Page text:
Six Inuit guardian groups to receive $4.3M in funding from Ottawa

A wild caribou roams the tundra near the Meadowbank Gold Mine in Nunavut. Six Inuit organizations will receive federal funding through the Indigenous Guardians Pilot Program, including one that aims to use traditional knowledge to inform caribou conservation policies in the Qikiqtaaluk Region. (Nathan Denette/The Canadian Press)
Six Inuit organizations will receive $4.3 million in federal funding for a variety of environmental stewardship programs.

The money will be disbursed over three years through the Indigenous Guardians Pilot Program, which provides financial support to Indigenous people to monitor their traditional lands, preserve wildlife and maintain their culture.

Minister of Environment and Climate Change Catherine McKenna announced the funding on a trip to Inuvik, N.W.T., on June 22.

“The Indigenous Guardians Pilot Program is designed to give these Inuit groups the support they need to be the best possible stewards of their homelands,” McKenna stated in a news release.

“I am excited to see these projects move forward and help us all create a better future for our kids and grandkids.”

Projects from 4 Inuit regions

Three projects in Nunavut and one each in the N.W.T., Quebec, and Newfoundland and Labrador, were selected by a committee made up of leaders from the four Inuit regions along with representatives from Environment and Climate Change Canada and Inuit Tapiriit Kanatami, the national Inuit advocacy organization.

The projects receiving funding are:

  • Munaqsi Community-Based Monitoringwill use local and traditional knowledge to monitor environmental disturbances and safety hazards in the Inuvialuit Settlement Region of the N.W.T.;
  • Kugluktuk Angoniatit Monitoring and Management of Fish Resources will increase capacity for long-term species monitoring in Kugluktuk, Nunavut;
  • Qikiqtaaluk Wildlife Board for Community Monitoring of Caribou will train caribou guardians to interview local elders and hunters about their traditional knowledge and use it influence conservation decisions about how to conserve caribou in the Qikiqtaaluk region of Nunavut;
  • Ujjiqsuiniq Young Hunters Program will support the development of young hunters and trappers and train them to collect data on the impact of climate change on wildlife in Nunavut;
  • Nunavik Guardians will expand the monitoring and data collection of wildlife in Nunavik Inuit communities in Quebec; and
  • Hebron Ambassador and Nain Conservation Officer will support community and visitor engagement in conservation in Nunatsiavut in Labarador.

Larry Adjun, chair of the Kugluktuk Hunters and Trappers Organization, said his organization will receive approximately $430,000 to monitor the movements of Arctic char, trout, cod and flounder in the Kugluktuk and Coppermine River area. The project will also measure water quality in an area downriver from the Diavik mine.

“It gives an idea of what is in the river, what the water quality is at, and what fish health is at,” said Adjun.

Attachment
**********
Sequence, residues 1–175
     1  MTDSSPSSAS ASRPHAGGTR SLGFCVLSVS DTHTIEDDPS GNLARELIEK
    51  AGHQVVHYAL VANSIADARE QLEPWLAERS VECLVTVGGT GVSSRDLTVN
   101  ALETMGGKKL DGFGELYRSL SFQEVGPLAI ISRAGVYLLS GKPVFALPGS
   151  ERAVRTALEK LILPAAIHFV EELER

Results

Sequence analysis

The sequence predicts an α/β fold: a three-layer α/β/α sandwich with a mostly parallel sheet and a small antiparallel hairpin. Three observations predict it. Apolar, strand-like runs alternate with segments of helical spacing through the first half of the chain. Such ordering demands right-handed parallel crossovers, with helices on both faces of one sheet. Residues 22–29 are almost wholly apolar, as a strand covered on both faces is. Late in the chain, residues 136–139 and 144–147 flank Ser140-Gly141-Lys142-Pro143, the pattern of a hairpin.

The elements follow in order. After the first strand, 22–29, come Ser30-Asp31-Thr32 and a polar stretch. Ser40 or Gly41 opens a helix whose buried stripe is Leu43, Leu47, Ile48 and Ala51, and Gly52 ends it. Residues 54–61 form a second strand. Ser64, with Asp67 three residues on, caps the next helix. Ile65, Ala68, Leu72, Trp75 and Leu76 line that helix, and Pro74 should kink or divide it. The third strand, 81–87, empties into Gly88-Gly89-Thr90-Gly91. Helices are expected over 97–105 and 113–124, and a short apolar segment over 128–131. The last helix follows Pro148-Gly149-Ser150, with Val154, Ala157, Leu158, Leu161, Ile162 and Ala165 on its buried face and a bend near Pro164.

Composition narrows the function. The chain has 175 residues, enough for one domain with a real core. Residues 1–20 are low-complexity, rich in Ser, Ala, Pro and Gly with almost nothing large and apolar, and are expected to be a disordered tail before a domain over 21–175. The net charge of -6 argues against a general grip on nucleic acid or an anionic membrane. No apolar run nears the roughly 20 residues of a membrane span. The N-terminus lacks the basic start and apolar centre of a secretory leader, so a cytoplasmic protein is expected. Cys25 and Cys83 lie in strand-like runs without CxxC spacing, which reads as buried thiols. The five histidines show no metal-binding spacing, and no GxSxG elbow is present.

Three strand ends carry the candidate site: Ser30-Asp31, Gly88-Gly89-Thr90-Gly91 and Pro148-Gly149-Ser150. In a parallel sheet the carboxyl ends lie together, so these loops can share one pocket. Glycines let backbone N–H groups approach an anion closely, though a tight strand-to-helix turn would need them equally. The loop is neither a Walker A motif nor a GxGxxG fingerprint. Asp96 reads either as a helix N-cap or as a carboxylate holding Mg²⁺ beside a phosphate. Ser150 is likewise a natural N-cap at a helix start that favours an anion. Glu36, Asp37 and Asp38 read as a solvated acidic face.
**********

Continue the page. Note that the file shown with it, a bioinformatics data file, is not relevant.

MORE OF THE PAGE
The money will allow the monitoring projects to continue until March 2022.

Kirt Ruben, project manager of the Munaqsi Community-Based Monitoring project, which means “watchmen,” said the funding will allow the project to hire and train six community monitors from each of the communities in the Inuvialuit Settlement Region (ISR) — Aklavik, Inuvik, Paulatuk, Sachs Harbour, Tuktoyaktuk, and Ulukhaktok. The monitors will roam the land and collect information about wildlife, biodiversity and cultural sites.

Most important, Ruben said, the funding will allow his community to document the impacts of climate change.

“Each of our Inuvialuit Settlement Region communities are starting to be harshly affected by climate change and we all have to adapt,” said Ruben. “This funding helps each of our ISR communities prepare, train, learn and get as much knowledge as possible to begin this adaptation.”

Second round of funding

The federal government allocated $25 million in the 2017 budget over four years for the Indigenous Guardians program. This is the second round of funding. The first announcement in November 2018 identified 28 projects that would receive $5.7 million in funds.

Canada’s Indigenous Guardians program is similar to an Australian program that employs Indigenous rangers who conduct environmental work.

The Indigenous Leadership Initiative, an advocacy organization that lobbied hard for a national guardians program, originally called for $500 million in funding.

A spokesperson for Environment and Climate Change Canada said the government is evaluating additional guardian programs, particularly in First Nations and Métis communities, to receive some of the remaining funds.

Related stories from around the North:

Canada: Canada’s Nunavut territory to get large slice of $40 million federal harvester support program, CBC News

Finland: What a Saami-led project in Arctic Finland can teach us about Indigenous science, Yle News

Russia: Authorities in northwest Russia move to protect wild reindeer, The Independent Barents Observer

Ryan Patrick Jones, CBC News

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